One Small Voice

2009-04-17 00:00

THE stately progress of three English clubs to the last four of the Uefa Champions League for the second successive season is profoundly satisfying in many ways.

First, it properly reflects the status of the FA Premier League as the outstanding domestic league on this and, as far as we know, any other planet. In fact, if they do play football on Venus, Neptune or Jupiter, they would be hard-pushed to provide the kind of entertainment served in the pulsating 4-4 draw between Chelsea and Liverpool at Stamford Bridge last Tuesday. Passion, skill and courage shown by the best players playing in the best stadiums and watched by the best fans creating the best atmosphere — as they say, English football ain’t shabby.

Second, it ensures another year of relative failure and misery for their major European rivals: the Italian clubs appear beset by corruption, the Spanish are beset by debt, the Dutch are beset by hooliganism and every league east of Berlin seems sadly infected by racism on the terraces.

Above all, however, the continued domination of English teams in Europe provides another bout of severe indigestion to Michel Platini, the well-fed president of Uefa, an archetype shrugging, sighing, gesticulating Frenchman who played with amazing style and grace through the 1980s and has now returned to global headlines recast as a 21st century Napoleon in the boardroom — stylish, maverick, brave, outspoken, perceived as a tad dictatorial and, perhaps, ultimately doomed.

In essence, as nominally the most powerful man in European football, Monsieur Platini doesn’t fancy the rosbif and obsessively rants against the growing wealth and continued domination of clubs anglais such as Manchester United, Chelsea, Liverpool and Arsenal. The more he moans, the more they win.

Having been narrowly elected as president of Uefa on January 26, 2007, he eagerly launched his mantra when he labelled English clubs as cheats, accusing them of demonstrating a win-at-all-costs mentality in which success is imperative “not to win trophies, but to pay back debts”. He wailed: “Is Champions League success built around who has the most money? I think so. It is run on credit now, and it annoys me.”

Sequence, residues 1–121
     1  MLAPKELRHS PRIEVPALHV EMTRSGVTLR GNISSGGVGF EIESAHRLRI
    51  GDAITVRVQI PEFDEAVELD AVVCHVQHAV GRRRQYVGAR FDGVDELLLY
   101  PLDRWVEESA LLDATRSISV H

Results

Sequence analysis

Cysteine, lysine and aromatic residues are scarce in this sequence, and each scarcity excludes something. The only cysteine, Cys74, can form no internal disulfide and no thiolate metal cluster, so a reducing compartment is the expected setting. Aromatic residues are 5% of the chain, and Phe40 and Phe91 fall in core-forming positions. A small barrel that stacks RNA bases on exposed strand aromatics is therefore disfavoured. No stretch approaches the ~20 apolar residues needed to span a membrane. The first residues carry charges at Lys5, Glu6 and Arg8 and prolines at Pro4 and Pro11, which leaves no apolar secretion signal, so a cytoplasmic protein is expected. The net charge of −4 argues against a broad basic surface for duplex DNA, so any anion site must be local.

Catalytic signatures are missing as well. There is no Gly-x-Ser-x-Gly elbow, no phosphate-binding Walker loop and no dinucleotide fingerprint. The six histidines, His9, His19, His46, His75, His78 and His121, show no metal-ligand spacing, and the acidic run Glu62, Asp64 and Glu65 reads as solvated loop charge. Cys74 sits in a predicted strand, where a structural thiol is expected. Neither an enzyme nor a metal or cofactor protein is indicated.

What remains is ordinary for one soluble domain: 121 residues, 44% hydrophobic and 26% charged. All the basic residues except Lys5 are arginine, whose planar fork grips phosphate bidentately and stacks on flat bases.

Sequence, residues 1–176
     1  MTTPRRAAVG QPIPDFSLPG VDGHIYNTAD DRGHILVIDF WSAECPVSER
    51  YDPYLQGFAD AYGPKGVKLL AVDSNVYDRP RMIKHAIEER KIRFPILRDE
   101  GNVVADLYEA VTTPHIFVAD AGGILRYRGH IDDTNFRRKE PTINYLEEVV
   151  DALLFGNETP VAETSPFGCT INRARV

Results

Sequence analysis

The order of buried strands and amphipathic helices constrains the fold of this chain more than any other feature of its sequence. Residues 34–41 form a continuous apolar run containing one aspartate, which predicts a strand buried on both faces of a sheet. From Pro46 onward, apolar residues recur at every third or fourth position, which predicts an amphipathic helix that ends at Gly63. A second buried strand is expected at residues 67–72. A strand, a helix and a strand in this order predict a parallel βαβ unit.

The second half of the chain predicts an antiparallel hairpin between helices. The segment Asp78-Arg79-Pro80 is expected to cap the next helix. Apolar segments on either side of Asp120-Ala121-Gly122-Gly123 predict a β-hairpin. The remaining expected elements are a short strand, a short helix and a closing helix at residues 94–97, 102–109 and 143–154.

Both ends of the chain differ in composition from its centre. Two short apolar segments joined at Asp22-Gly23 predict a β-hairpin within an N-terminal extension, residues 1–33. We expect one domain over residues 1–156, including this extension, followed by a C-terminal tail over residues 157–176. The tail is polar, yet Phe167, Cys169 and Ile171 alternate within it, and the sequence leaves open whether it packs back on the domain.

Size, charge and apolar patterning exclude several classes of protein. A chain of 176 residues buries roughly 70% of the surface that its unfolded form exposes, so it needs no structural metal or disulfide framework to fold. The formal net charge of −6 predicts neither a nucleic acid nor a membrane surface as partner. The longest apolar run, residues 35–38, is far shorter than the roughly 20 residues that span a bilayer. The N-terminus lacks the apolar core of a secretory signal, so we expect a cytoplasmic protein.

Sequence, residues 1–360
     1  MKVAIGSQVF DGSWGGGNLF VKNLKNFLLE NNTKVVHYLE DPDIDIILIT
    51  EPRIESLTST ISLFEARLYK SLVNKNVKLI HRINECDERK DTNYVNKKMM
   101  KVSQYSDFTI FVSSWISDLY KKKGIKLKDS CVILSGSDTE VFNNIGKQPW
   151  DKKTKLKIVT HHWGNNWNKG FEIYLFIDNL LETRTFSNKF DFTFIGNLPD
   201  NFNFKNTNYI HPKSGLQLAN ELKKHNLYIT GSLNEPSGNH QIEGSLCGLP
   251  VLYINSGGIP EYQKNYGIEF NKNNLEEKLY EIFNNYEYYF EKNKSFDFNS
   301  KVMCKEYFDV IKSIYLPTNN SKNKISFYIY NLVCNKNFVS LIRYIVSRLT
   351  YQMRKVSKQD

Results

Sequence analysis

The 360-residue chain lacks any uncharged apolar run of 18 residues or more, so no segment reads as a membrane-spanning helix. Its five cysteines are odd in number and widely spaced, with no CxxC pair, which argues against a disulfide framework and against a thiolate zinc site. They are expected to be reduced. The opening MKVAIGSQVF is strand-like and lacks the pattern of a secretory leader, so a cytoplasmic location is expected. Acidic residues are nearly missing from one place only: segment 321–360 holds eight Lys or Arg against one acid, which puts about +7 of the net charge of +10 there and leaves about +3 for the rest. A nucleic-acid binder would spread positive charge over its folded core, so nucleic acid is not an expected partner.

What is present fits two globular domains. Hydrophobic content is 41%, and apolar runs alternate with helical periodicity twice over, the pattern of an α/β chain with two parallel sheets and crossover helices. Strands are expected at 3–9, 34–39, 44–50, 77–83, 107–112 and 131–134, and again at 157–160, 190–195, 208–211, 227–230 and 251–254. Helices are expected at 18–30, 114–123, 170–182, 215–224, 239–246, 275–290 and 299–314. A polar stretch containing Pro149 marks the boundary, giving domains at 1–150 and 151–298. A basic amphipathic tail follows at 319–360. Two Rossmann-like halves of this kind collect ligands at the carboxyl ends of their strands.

He has subsequently criticised the English for hiring a foreign manager for their national team and including too many foreign players in their club sides, and barely stopped short of lambasting the former Empire for its generally poor dress sense, lamentable “yoof” culture, bad weather and barely edible food.

Well, he’s French, you might say.

That’s true, but Platini is also mistaken.

The English clubs are the richest and can afford to buy the best players because they play the most entertaining football, which means more viewers worldwide want to watch the matches on television, which means the league generates the most TV rights revenue, which means the clubs are the richest and can afford to buy more players etc.

Arsene Wenger, the cerebral manager of Arsenal, has correctly pointed out that Platini should not seek to “save” other European leagues by attacking the strongest league.

The Uefa president’s most recent brainwave is to restrict European club competitions to clubs that comply with a new set of licence conditions, notably a regulation that expenditure and wages should be capped at 60% of revenue. His declared aim is to prevent clubs racking up immense debts, and his perceived aim is to undermine English clubs.

Sir Alex Ferguson’s response was blunt: “If that goes through,” he said, “there won’t be any Premier League clubs in the Champions League at all.”

Again, Platini misses the point.

Many leading English clubs do carry significant debt, but only because they have had to pay for stadium rebuilds, which are funded by governments elsewhere in Europe.

Perhaps the monsieur should relax, take another glass of Krug, sink into his padded chair in the President’s Suite at this year’s Champions League final in Rome, enjoy the spectacle of two great clubs disputing the main prize and then urge the other leading European clubs to match the English standard.

Then, the following day, if he really wants to do some work, he could focus his attention on addressing Italian corruption, Spanish debt and East European racism … rather than English quality.

•Edward Griffiths is a journalist, author, former CEO of SA Rugby general manager of SABC sport, and has been involved in various bid campaigns.

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